Recently, parents and guardians have been reaching out after news reports regarding rainbow fentanyl (colored fentanyl that can look like candy), as well as fentanyl in general. Our community has seen an increase in street drugs containing fentanyl, a powerful, illicit opioid with high risk for overdose. Police locally have come across the rainbow fentanyl variety, but it is important to be aware that all street fentanyl forms are deadly.
Any street drug could contain fentanyl, which is extremely dangerous. According to the DEA, just two milligrams of fentanyl, which is equal to 10-15 grains of table salt, is considered a lethal dose. And, without laboratory testing, there is no way to know how much fentanyl is concentrated in a pill or powder. Taking street drugs is an extremely risky and potentially deadly gamble.
Rainbow fentanyl is thought be federal officials to be a way of marketing to children and young adults, driving addiction. The rainbow fentanyl has been seized in other parts of the country in various forms: pills, powder, side-walk chalk-like blocks and other. Any form and color of fentanyl is dangerous.
Eugene Police Department has seen fentanyl contamination in cheap, counterfeit pills sold as common medications such as oxycodone, Adderall, or Xanax. We also have reports of fentanyl being found in white or colored powdered drugs that might be sold as cocaine, MDMA, or methamphetamine. It should be assumed that any illicit drug could contain fentanyl.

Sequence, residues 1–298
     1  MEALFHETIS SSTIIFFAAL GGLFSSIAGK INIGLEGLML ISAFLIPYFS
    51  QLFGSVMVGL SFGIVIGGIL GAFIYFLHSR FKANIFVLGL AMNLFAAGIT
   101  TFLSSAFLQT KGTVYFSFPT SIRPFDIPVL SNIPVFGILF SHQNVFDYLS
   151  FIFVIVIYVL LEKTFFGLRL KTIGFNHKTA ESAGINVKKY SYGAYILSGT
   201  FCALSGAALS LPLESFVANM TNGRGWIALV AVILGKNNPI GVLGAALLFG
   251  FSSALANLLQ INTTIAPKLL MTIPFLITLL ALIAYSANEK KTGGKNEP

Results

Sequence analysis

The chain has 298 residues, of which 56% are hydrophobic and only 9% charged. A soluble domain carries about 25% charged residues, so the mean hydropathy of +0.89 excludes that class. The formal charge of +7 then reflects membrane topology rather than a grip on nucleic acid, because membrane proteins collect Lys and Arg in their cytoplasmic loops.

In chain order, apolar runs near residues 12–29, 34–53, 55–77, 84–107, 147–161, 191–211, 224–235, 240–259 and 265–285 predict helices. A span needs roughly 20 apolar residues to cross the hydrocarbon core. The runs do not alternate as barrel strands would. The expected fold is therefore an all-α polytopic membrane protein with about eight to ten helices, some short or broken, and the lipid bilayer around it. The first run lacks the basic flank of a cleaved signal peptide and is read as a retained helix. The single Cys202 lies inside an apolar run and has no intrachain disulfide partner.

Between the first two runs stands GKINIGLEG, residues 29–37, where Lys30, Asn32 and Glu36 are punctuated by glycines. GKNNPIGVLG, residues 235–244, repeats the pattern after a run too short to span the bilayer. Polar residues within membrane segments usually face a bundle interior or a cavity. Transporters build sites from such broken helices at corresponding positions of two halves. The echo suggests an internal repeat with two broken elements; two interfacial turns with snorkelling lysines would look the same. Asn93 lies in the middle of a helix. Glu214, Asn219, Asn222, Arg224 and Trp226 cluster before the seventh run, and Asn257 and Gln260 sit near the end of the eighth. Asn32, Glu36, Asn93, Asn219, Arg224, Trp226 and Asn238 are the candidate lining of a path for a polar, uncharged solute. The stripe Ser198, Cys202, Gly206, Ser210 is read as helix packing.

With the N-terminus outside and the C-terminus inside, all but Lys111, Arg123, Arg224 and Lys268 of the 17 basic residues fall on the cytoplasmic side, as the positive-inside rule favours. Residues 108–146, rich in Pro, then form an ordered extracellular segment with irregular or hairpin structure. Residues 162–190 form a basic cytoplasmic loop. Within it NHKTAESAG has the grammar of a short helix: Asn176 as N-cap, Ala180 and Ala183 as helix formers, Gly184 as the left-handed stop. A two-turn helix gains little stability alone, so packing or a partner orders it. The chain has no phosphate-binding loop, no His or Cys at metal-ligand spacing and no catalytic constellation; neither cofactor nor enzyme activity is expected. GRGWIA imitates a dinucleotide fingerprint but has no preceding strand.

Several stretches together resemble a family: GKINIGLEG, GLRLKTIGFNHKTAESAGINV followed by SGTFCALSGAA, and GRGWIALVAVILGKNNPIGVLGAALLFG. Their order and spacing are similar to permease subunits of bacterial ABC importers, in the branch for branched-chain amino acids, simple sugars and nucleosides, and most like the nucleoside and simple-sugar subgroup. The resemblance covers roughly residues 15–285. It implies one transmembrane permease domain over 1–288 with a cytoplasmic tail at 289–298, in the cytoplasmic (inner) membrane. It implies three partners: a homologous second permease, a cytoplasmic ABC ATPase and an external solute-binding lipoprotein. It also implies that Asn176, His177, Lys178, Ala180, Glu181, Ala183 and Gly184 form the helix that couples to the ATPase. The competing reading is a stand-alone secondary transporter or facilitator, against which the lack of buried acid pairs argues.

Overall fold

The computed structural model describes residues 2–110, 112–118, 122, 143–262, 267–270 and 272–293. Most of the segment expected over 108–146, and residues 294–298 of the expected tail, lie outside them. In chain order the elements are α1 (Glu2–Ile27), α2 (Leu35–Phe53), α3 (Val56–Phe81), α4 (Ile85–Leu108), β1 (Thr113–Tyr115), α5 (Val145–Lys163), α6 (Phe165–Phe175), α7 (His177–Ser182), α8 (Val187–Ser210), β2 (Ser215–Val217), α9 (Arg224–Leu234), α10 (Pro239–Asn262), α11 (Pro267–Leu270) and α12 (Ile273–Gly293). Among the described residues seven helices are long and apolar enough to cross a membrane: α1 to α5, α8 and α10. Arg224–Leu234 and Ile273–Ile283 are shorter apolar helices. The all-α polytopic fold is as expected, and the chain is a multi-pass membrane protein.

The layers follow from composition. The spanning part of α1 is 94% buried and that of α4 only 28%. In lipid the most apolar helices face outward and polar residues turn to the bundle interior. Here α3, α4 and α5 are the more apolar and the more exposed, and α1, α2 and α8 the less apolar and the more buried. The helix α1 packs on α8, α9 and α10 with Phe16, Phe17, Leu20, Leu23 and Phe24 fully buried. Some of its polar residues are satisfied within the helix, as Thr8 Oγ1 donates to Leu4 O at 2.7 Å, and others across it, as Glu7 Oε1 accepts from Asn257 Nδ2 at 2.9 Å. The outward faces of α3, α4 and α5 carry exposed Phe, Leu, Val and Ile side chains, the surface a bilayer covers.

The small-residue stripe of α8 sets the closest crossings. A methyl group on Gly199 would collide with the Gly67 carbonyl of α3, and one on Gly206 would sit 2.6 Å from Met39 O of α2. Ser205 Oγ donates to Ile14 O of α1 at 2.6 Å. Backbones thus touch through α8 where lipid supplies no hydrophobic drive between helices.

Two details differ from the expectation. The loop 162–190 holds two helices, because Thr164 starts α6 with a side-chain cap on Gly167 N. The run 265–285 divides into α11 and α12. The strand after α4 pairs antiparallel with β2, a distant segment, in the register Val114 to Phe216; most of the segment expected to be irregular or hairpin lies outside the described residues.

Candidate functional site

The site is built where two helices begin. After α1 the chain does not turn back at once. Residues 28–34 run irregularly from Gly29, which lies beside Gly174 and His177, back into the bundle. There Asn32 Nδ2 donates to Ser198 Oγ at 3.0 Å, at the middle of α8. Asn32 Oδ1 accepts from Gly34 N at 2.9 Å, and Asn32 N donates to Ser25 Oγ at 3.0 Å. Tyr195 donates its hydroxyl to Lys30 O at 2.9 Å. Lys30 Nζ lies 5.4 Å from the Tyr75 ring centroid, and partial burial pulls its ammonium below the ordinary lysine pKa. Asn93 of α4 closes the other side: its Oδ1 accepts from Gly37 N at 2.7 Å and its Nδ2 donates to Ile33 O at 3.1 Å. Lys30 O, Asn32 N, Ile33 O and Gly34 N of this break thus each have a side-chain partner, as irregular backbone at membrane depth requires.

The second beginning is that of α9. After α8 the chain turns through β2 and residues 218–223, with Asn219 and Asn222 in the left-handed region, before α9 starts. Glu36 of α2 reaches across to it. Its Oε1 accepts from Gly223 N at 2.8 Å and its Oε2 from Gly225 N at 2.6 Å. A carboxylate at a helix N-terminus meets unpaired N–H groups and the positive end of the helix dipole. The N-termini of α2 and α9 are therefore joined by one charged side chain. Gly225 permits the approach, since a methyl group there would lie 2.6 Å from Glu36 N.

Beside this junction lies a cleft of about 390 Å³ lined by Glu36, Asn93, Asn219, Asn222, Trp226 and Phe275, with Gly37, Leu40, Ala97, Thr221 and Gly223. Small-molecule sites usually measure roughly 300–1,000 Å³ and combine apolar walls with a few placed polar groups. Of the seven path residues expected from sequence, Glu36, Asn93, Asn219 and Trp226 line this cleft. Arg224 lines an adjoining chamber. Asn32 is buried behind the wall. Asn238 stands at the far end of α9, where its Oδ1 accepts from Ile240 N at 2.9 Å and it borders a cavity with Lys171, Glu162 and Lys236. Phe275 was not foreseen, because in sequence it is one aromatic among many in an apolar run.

Lane County Public Health warns against any pills not obtained from a pharmacy. They urge people who use illicit drugs to take precautions and to not use alone. They recommend anyone who uses drugs or knows someone who does, to carry Narcan (naloxone), an overdose reversal nasal spray. Individuals are able to test drugs for fentanyl with a fentanyl testing strip. It is also important to know the signs of an overdose and always call 911 immediately.
Narcan is available at any pharmacy upon request. State Law requires pharmacists provide it and many insurance plans cover it. You can also obtain free Narcan and a brief training from HIV Alliance’s Eugene location during drop-in hours (Monday, Tuesday, Thursday 10a-2p, Friday 1p-5p). https://hivalliance.org/contact/. Young adults can access Narcan by contacting CORE Eugene. https://coreeugene.org/
For additional information on fentanyl see the fact sheet provided by the DEA. https://www.dea.gov/sites/default/files/2020-06/Fentanyl-2020_0.pdf
Also, for information on rainbow fentanyl: https://www.dea.gov/press-releases/2022/08/30/dea-warns-brightly-colored-fentanyl-used-target-young-americans